"Modern Grill Pan Cooking," Gina Steer

Pros: Good, reasonable dishes
Cons: Everything came out just… average
Rating: 3 out of 5

   

First published 3/17/2001

When I think of this cookbook, I think… average. Nothing dazzling. Nothing bad. It’s good, solid food. I guess I’m spoiled; I like to see more than that. Most cookbooks have at least a few truly wonderful recipes in them–otherwise, why spend money on them?

The Basics

The index is reasonable but not great. There are 127 pages of recipes; most come with nice, full-color photos (again, good but not mouth-wateringly delightful). There are some very brief informational sections toward the beginning, on things like choosing a grill pan. This section mostly consisted of informing us about the wide range of shapes and sizes out there, which is not particularly useful. It also says to pick a pan of a size that suits your family size, and to get one that’s heavy. Okay, I guess that last suggestion was useful if you don’t know much about cookware already.

There are bits on cooking with a grill pan (read the instructions that come with the pan, for example – I think we could have figured that out). Make sure the outside of the food is sealed through high heat before turning down the heat for long-term cooking. There’s caring for your pan, cooking techniques, and a few notes on ingredients. These present the same mix of “duh” and “okay, I guess that’s useful” information. Layout is fairly clean and easy. Recipes are generally one-page affairs, easy to make sense out of.

The Recipes

The chapters are divided into Fish & Shellfish, Beef, Lamb, Pork, Poultry, Vegetables, and Desserts. Yes, desserts! Most of the recipes in this book are fairly simple. Fish steaks are marinated and grilled; occasionally they’re served with a simple sauce. The plum sauce that goes with the red mullet looks quite good: plums, brown sugar, garlic, lemon zest, and cinnamon. The seafood kabobs are served with a cucumber and yogurt dip. The recipes often have serving suggestions for what sort of side dish you might want to serve with them; we usually ignore these because they haven’t inspired us particularly. There are Seafood Tikka Kabobs, Lobster Tails with Lemon and Tarragon Mayonnaise (yum!), and Grilled Sardines with Ginger and Mint Butter. The recipes sound so delicious, that I’m continually surprised by the “good but not great” nature of the food once it’s cooked.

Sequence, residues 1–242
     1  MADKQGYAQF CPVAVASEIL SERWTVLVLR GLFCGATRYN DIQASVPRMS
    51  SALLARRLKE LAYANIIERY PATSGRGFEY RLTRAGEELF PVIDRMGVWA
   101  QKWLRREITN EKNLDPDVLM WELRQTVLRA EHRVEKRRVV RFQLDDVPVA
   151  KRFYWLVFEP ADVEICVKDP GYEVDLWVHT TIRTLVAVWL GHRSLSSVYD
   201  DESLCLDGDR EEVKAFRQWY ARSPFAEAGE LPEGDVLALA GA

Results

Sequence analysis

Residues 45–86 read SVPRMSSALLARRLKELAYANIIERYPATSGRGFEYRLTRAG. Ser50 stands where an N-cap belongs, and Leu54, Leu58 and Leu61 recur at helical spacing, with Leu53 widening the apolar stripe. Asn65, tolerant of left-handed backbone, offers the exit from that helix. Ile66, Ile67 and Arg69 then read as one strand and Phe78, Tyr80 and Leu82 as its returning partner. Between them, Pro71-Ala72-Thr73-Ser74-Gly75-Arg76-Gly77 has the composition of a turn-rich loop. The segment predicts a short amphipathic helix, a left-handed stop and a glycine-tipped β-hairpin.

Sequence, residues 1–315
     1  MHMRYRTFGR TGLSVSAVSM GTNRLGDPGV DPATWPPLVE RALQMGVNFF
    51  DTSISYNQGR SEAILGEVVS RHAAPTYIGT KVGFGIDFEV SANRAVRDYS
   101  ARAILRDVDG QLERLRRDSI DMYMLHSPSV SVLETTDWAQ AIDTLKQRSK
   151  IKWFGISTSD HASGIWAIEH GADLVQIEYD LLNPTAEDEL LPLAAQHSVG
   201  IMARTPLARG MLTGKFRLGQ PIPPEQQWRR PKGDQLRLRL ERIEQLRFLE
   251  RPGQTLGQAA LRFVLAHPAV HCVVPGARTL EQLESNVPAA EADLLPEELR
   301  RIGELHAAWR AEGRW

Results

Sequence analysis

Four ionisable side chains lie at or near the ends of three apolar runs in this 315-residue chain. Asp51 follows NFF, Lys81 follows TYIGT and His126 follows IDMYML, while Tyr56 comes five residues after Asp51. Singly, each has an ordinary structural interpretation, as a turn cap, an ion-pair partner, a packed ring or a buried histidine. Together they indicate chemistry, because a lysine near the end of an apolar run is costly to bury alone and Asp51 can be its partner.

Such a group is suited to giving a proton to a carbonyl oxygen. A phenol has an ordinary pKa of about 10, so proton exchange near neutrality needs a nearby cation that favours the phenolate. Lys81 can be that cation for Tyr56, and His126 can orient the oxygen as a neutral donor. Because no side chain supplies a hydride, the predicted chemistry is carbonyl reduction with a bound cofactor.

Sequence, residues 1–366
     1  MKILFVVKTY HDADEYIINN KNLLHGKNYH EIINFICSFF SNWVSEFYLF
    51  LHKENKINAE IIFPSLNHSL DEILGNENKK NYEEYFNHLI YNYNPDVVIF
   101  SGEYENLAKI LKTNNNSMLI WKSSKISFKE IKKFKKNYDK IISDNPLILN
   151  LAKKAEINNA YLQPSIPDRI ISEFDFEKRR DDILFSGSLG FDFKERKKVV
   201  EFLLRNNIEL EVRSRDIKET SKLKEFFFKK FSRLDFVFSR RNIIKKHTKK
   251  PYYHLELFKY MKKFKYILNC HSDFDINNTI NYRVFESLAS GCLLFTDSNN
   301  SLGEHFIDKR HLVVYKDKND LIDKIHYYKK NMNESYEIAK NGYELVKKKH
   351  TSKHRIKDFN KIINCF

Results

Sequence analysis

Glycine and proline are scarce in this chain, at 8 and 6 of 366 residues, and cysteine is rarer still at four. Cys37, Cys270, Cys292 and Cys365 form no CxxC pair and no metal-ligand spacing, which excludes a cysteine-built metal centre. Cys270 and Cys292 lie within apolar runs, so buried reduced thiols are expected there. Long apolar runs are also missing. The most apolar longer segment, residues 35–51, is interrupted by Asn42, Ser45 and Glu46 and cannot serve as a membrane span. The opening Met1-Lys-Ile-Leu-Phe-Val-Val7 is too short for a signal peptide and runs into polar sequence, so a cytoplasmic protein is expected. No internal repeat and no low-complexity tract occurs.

The beef chapter includes Balsamic Fillet Steaks, with a shallot-and-caper butter. There’s Garlic Steak Fajitas with Red Onion Salsa, and “The Perfect Hamburger.” (While quite good, I wouldn’t call it perfect. It’s just ground beef with a few extras in it like shallots, horseradish sauce, parsley, salt, and pepper.) There’s also Thai Beef Kabobs, and Beef Paupiettes.

Seasoning to Taste

A brief complaint: this cookbook does not like to provide amounts when telling you to add pepper and salt. While this is fine in situations where you can taste as you add these ingredients, it is not fine when you’re adding it to, oh, say, raw hamburger meat. The “perfect hamburger” recipe even says “seasoning to taste.” I would not recommend this, due to bacterial worries, and the author should have known better too. At that point the trick is to provide a basic, minimal measurement of salt and pepper to put into the raw recipe, and then give the instruction to add more to taste once cooked. Or, to give a basic, minimal measurement and to recommend adjusting to taste once familiar with the recipes in relation to your own salt tastes.

Back to the Recipes…

The lamb chapter includes Skewered Lamb with Red Currant Coulis (yes, a few recipes call for potentially difficult-to-find ingredients), Lamb Brochettes with Mushroom and Basil Sauce, Lamb with Apricot Relish, Lamb Steaks with Ginger and Cilantro, and Herbed Lamb and Mustard Burgers. Then you’ll find Seville-Marinated Pork, Oriental-Style Pork Bites, Almond-Stuffed Pork, and Pan-Fried Pork with Charred Apple Relish. There’s a Caribbean Chicken with Warm Fruit Salsa, Hoison Rock Cornish Hens, Maple-Glazed Turkey, Duck Breasts with Warm Mango Salsa, and Turkey Mole Kabobs. This last dish, with its slightly-sweet sauce involving chocolate, cinnamon, garlic, tomatoes, chilies, and more, is the best of the dishes we’ve made from this cookbook, and the only one that approached spectacular. The Chicken and Tarragon Burgers were good, but not great – a little too bland for our tastes.

The vegetables chapter includes Chargrilled Vegetables with Green Olives, Polenta and Pepper Squares, Sweet Potato and Garbanazo Burgers, and Grape Leaf and Havarti Parcels. The desserts chapter looks like one of the best chapters in the book: Rum-Flambeed Pineapple, for example, and Bananas with Cinnamon Mascarpone. Certainly these are more original than many of the other recipes. The Calvados Apples look amazing, as does the Warm Bananas with Chocolate Cream. While the Fruit and Marshmallow Kabobs look fantastic, however, we found it nigh-impossible to get the marshmallows to blacken at all before simply melting (contrary to the artful picture).

In Conclusion…

This is an average cookbook. Nothing we’ve made out of it has been bad; everything has been reasonably good. I’m used to seeing a higher ratio of very good recipes. I want directions that don’t imply that I should be tasting raw hamburger for its salt content. I want “helpful” information that doesn’t make me say “uh, yeah? So what? Where’s the useful stuff?” We’ll certainly make use of this cookbook and I marginally recommend it, but it won’t be one of our dog-eared, well-worn cookbooks.

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